Copper King would directly employ roughly 200 people but create many related jobs under the proposal to mine 100,000 gold equivalent ounces per year for 17 years, he said.
U.S. Gold leases the section of land for Copper King project site from the State of Wyoming and the mineral rights for the whole site from the state, Coleman said. The company leases the surface rights for another section from private landowners.
Wyoming would further benefit from gold, silver and copper production at the site. The state would receive a royalty on any production.
If the prefeasibility study points to mine potential, the next step would be a full feasibility study. Karr predicted the prefeasibility study would be completed this year for Copper King, and if that is favorable “we move right into the final feasibility study and start the permitting process and raising capital.”
The current plan for Copper King is for an open pit mine, and Karr said preliminary plans call for a new road to be constructed for ore trucks, so they would be kept separate from Curt Gowdy State Park visitors in the area. There would be a community outreach effort, he said.
Ore would be transported to a site in Cheyenne with a rail spur, where a processing facility would be built.
Karr said he has his eye on the Martin Marietta aggregate site, which has a rail spur, as a potential site for the Copper King processing plant. That site is a few miles south of Copper King.
At this point, Karr said the hope is to then ship ore concentrate via rail from the plant to Rio Tinto’s Brigham Canyon Mine near Salt Lake City for final processing.
He said there have been “high-level talks” about the processing and shipping ideas but nothing would be decided until after the feasibility study.
Wendtland said that for approval to develop an operating mine, U.S. Gold would need to file an application to mine with the DEQ that would be detailed and meet environmental requirements, and the state would put out notifications for public comment.
The project is only at the exploration stage now, he said.
Coleman said he is “very optimistic” about Copper King. “It’s a great, continuous deposit.”
U.S. Gold could be the miner, hire a contractor miner or sell the project to another company, if the feasibility study shows the project could be a viable money-maker, Karr said.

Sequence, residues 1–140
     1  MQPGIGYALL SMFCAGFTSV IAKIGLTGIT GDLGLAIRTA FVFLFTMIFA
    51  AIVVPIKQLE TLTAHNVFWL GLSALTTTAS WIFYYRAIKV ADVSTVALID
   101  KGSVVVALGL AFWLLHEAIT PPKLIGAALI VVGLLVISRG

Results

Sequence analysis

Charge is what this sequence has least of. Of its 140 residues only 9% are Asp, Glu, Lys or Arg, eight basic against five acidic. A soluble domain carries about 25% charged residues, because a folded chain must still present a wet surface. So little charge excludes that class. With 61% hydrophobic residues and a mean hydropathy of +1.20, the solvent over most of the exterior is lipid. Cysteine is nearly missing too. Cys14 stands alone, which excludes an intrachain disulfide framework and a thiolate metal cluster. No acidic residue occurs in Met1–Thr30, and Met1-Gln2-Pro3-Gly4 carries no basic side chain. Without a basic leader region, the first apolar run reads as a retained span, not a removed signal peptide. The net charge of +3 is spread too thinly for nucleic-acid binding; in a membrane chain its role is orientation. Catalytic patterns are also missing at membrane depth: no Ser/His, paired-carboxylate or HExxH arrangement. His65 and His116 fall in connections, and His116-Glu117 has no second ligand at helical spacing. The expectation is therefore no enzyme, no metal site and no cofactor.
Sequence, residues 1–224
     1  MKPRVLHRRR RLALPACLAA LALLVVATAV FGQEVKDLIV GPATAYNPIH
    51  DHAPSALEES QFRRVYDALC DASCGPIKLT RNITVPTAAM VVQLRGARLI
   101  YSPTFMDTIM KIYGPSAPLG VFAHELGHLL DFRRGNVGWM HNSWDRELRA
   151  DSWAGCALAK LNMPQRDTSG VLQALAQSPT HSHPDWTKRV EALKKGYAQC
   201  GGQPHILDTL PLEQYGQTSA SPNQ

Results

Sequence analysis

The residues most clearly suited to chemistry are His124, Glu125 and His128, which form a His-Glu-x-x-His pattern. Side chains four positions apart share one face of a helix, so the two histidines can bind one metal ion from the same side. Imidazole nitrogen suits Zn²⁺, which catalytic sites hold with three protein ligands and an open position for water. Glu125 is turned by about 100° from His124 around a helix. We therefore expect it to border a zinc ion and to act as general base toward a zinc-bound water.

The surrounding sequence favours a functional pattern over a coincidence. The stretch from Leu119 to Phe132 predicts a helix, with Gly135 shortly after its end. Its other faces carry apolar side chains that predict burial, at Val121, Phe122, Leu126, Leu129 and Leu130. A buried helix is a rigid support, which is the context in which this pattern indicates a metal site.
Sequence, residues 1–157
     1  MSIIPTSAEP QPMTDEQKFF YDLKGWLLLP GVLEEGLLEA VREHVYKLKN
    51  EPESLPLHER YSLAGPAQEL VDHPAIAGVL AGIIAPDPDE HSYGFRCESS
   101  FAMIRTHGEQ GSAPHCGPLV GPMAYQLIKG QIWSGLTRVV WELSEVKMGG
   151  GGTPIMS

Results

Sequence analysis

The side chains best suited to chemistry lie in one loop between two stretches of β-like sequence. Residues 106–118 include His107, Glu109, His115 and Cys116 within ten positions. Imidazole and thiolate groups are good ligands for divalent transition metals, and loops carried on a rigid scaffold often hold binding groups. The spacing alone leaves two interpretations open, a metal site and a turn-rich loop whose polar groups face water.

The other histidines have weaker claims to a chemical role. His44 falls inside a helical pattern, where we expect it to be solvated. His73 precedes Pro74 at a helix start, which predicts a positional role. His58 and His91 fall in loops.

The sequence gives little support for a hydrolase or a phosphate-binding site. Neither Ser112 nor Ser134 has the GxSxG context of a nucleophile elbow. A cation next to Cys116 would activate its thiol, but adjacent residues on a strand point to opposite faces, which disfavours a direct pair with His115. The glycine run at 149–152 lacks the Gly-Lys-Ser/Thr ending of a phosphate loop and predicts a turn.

Copper King is the site of historic mining. The underground workings are covered but an old mill is still visible. Copper King is in the Silver Crown Mining District.
Maggie CreekThe 3-square-mile Maggie Creek exploration project is near the Gold Quarry Mine north of Carlin and has exploration targets U.S. Gold has yet to drill.
U.S. Gold acquired the option to earn up to a 70 percent interest in the Maggie Creek project from Renaissance Gold when U.S. Gold acquired Orevada Metals Inc. in September 2019, and the company announced in May it had completed a detailed gravity survey at Maggie Creek to help with ongoing mapping and determining drill targets.
The survey found that major geological structures on the property are parallel to the Good Hope fault with northeast trending structural intersections that deserve detailed exploration.
Coleman said there are no plans completed for drilling at Maggie Creek this year, which is “just getting started,” but there are targets at depth, and the gravity survey was the “first big step.” The Maggie Creek site has been drilled in the past, but they were mainly “very shallow 1980s holes,” he said.
Gold Bar North in Eureka County is also a U.S. Gold property, but there are no exploration projects there.
The COVID-19 pandemic’s impact on U.S. Gold has been mainly permitting and bonding delays when government offices are not fully staffed, Karr said.
Coleman is the sole person at the Elko office, and he said he is often working from home.
Karr travels to tell the U.S. Gold story and lives in Switzerland, where there are “a lot of investors and gold funds,” as well as gold refineries, he said. The company’s chief operating officer, David Rector, lives in California, and the chief financial officer, Ted Sharp, works out of Idaho.
Karr said U.S. Gold also has a “good board of directors,” including former Interior Secretary Ryan Zinke, Chairman John Braca, Timothy Janke, Andrew Kaplan and Douglas Newby.
U.S. Gold went public in May 2017.